Let $S^n$ be the standard unit $n$-sphere, embedded in Euclidian space as $S^n = \{ x \in {\mathbb{R}}^{n+1} | \| x \| = 1 \}$. Define geodesic distance as $d(x, y) = \arccos (x \cdot y)$, where $\cdot$ is the Euclidian dot product.

My lecture notes introduce geodesic distance on page 11, but they're quite hand-wavy about the proof that distance is subadditive.

To establish the triangle inequality, let $x, y, z ∈ S^{n}$, $\theta = \arccos(\langle x, y \rangle)$ and $\varphi = \arccos(\langle y, z \rangle)$. Then we can write $x = y \cos \theta + u \sin \theta$ and $z = y \cos \varphi + v \sin \varphi$ where $u$ and $v$ are unit vectors orthogonal to $y$. An easy calculation now gives $\langle x, z \rangle = \cos \theta \cos \varphi + \langle u, v \rangle \sin \theta \sin \varphi$.

  • Concretely, how do I find $u$ and $v$?

  • What is this "easy calculation"?

  • 1
    $\begingroup$ Geodetics on $S^n$ are arcs of maximal circles, whose length just depends on the subtended angle at the centre of the sphere. If we define a distance as "the length of the shortest path", it trivially fulfills the triangle inequality $d(X,Y)+d(Y,Z)\geq d(X,Z)$. $\endgroup$ – Jack D'Aurizio Aug 8 '16 at 19:37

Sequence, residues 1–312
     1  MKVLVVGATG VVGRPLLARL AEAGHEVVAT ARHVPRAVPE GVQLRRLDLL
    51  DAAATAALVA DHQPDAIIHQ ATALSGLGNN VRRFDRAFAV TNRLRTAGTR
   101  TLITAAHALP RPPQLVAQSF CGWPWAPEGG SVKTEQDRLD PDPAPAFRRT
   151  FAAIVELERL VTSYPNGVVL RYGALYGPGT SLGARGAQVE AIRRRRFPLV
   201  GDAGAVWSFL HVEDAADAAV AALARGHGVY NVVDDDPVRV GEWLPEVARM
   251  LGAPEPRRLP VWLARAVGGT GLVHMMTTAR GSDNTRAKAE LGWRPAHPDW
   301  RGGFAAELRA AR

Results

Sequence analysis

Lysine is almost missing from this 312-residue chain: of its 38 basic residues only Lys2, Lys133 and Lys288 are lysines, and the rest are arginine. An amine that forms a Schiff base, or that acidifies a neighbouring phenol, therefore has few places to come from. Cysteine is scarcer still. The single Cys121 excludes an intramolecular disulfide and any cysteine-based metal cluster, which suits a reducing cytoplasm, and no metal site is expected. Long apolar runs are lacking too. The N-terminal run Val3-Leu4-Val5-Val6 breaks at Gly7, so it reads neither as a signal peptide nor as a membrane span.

You are projecting $x, z$ onto $y$ respectively: Consider the plane spanned by $x, y$ (let's say $x\neq \pm y$). Then one can find a unit vector in this plane which is orthogonal to $y$. Call this $u$. Then one has

$$ x = \langle x, y\rangle y + \langle x, u\rangle u.$$

By definition, $\arccos \langle x, y\rangle = \theta$, so $\cos\theta = \langle x, y\rangle$. Since$x, y, u$ are orthonormal to each other, this force $\langle x, u\rangle = \sin \theta$. Thus

$$ x = y\cos \theta + u\sin\theta .$$

(Similar for $z,v$).

(2) is really easy calculations, starting at

$$ \langle x,z\rangle = \langle y \cos\theta + u\sin\theta , y\cos\varphi + v\sin\varphi \rangle$$

and then expanding the right hand side.


Given three points on the $n$-sphere, there is a $3$-plane containing them and the origin; the intersection of this with the sphere is totally geodesic.

It suffices to prove things for $S^2,$ by whatever means you like.


Your Answer

By clicking “Post Your Answer”, you agree to our terms of service, privacy policy and cookie policy

Not the answer you're looking for? Browse other questions tagged or ask your own question.